Will ministry changes to curriculum be tailored to meet the needs of urban Aboriginal students and those in on-reserve schools?
Yes, I believe the proposed changes to the curriculum will meet the needs of all Aboriginal students because the programs will be tailored and driven by students and communities, and will no longer be curriculum driven. This approach allows students, whether in a band, rural or public school to bring what they have learned from their community, their reserve, family and culture to school. It is designed to consider what students arrive at school knowing, and taking them forward to support their true needs and abilities to where they, and their families, want them to go. The biggest reason that developing curriculum this way is going to be a success is because at every stage everyone - students, parents, community members, educators, band representatives - have had an opportunity to contribute and design.

What is the significance of the recently introduced requirement for teacher candidates in BC to take Aboriginal education courses?
I sat on the Teacher Regulation Branch for eight years and as an Aboriginal educator, this was the single most important event for future educators, Aboriginal learners and all learners. This year, for the first time, all Bachelor of Education programs in the province must provide a mandatory course on Aboriginal education. The intention is that these courses will be developed in close consultation with local Aboriginal communities to ensure the information they are teaching is accurate. I am hopeful that there will be considerations of including Metis and Inuit People as well. I am also hopeful that these programs will include a rural and urban component in order to inform teacher candidates of either the ruralness or the urbanness of their students. Additionally, I hope the course raises the awareness of the teacher candidates of the rich diverse Aboriginal population in BC.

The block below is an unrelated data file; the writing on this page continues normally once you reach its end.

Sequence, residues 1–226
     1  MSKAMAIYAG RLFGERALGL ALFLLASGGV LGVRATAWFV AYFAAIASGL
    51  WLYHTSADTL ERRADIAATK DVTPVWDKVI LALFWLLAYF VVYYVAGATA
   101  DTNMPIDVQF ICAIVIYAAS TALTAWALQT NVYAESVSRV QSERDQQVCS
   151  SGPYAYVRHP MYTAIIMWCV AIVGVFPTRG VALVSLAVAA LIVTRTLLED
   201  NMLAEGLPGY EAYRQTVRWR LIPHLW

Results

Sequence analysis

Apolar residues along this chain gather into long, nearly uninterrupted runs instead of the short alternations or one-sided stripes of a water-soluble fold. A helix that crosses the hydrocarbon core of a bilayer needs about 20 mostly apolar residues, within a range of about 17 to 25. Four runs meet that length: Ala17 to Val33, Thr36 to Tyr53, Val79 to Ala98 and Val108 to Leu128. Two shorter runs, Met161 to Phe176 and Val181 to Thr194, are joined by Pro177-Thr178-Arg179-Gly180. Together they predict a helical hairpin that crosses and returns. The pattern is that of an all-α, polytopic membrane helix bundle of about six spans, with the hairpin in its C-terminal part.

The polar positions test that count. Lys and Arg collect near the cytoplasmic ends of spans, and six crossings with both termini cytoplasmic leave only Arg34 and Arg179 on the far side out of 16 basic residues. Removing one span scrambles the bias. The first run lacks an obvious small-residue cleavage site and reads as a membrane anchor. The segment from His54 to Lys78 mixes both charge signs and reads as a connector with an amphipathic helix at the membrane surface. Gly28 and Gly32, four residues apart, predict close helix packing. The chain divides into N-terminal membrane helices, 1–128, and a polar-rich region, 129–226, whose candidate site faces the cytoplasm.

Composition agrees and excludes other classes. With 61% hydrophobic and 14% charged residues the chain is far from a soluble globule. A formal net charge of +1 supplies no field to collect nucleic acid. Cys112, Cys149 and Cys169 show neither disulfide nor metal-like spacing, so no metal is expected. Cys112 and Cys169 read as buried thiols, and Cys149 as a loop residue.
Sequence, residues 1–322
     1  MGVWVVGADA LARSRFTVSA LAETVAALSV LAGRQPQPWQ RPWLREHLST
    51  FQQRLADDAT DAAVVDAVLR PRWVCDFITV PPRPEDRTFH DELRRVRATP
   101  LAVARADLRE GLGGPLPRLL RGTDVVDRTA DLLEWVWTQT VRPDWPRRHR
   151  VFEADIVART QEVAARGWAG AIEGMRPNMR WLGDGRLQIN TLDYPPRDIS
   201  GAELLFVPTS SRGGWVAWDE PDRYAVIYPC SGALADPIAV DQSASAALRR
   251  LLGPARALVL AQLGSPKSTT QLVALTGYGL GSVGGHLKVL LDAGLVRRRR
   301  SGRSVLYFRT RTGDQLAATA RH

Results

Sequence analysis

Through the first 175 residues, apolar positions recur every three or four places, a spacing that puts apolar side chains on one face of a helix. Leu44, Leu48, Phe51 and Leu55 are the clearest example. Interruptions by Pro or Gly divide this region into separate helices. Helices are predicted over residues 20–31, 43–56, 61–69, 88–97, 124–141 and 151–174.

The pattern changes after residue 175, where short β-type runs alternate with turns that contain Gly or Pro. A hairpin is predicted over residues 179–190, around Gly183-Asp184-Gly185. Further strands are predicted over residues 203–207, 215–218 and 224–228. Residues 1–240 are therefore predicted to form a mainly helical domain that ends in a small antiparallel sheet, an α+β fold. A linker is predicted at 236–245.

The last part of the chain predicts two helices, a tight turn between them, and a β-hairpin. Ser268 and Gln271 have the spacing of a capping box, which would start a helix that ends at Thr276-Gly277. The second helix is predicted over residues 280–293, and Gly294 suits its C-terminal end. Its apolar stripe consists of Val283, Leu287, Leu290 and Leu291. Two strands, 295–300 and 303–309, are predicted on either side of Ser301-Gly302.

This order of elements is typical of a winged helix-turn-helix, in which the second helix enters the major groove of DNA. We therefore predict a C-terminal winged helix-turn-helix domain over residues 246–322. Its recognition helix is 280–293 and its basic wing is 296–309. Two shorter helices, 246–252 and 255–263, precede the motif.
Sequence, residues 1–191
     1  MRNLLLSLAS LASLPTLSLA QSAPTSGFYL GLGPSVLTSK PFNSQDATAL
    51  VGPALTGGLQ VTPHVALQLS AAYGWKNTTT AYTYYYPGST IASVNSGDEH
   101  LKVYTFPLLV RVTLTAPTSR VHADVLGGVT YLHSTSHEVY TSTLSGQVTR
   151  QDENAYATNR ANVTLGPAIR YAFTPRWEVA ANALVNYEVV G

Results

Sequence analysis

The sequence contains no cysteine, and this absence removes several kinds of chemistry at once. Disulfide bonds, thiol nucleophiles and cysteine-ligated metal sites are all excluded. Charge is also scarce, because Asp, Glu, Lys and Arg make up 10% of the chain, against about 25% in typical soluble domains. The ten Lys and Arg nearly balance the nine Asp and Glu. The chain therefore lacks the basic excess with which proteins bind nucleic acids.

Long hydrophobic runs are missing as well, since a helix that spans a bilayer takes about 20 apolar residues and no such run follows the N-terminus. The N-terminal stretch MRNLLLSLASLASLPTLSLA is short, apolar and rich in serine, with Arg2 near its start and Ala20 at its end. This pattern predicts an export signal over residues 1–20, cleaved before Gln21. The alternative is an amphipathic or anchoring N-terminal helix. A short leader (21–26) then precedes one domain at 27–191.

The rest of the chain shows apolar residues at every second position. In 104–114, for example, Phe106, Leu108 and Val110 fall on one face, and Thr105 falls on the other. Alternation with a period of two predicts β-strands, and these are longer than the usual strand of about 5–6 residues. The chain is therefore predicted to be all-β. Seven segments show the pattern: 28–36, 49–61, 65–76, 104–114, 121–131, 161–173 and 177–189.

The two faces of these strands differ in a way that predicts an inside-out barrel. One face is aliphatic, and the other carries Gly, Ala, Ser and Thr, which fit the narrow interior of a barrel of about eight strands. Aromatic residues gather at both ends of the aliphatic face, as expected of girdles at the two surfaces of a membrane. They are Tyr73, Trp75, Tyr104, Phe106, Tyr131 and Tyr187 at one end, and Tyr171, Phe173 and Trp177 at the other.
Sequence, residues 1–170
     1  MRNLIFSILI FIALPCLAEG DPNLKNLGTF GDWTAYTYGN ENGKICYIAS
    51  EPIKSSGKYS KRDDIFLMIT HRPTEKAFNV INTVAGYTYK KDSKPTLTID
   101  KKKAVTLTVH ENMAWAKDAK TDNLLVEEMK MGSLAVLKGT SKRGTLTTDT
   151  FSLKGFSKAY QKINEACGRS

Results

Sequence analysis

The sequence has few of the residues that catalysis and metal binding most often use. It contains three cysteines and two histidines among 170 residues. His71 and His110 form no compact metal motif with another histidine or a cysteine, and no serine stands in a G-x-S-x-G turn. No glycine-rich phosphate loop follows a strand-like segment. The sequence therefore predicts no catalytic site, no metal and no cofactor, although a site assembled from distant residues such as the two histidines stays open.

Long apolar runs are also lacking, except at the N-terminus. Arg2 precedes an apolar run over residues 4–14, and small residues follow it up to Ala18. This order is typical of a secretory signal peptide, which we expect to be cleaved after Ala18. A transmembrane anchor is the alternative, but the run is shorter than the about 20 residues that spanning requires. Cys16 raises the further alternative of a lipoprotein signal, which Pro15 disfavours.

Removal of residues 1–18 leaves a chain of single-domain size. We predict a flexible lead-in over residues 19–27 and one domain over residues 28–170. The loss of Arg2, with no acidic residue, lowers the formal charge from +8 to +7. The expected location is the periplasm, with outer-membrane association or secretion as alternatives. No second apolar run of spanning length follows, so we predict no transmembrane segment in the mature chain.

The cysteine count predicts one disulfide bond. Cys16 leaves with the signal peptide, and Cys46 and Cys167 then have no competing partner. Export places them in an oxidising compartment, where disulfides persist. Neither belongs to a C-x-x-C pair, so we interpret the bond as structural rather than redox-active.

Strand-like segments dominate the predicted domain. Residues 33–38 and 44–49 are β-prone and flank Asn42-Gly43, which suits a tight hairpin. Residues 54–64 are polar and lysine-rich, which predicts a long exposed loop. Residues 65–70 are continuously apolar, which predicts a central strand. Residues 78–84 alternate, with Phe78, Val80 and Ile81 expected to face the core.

Is there a parallel requirement for in-service teachers?
There are professional development opportunities on Aboriginal education. Their focus, however, varies from district to district. I would like to share this personal example: I was recently invited by a school district to attend a Cultural Camp in a local First Nation. The community welcomed practising teachers, social workers, counsellors, the RCMP, administrators and district administrators to their community. We were bussed out to the community, were given a tour of health centre and band office, learned about the contemporary challenges in the community, and then attended a traditional ceremony. The Chief spoke passionately to the educators about the importance of teachers to her community; she thanked them for helping prepare the students to become contributing members of their community and of the larger society. We then had a traditional meal and were honoured with a traditional song and each of us was brushed with boughs. I expect that day will be long remembered by the attendees as both moving and meaningful. That is just one example of the good things that are going on in the province.

You sound very passionate about your new role.

I am and I want to thank you for the opportunity to share my passion with your readers.

If education is your area of specialty, here's an article you may enjoy on creating an inclusive classroom.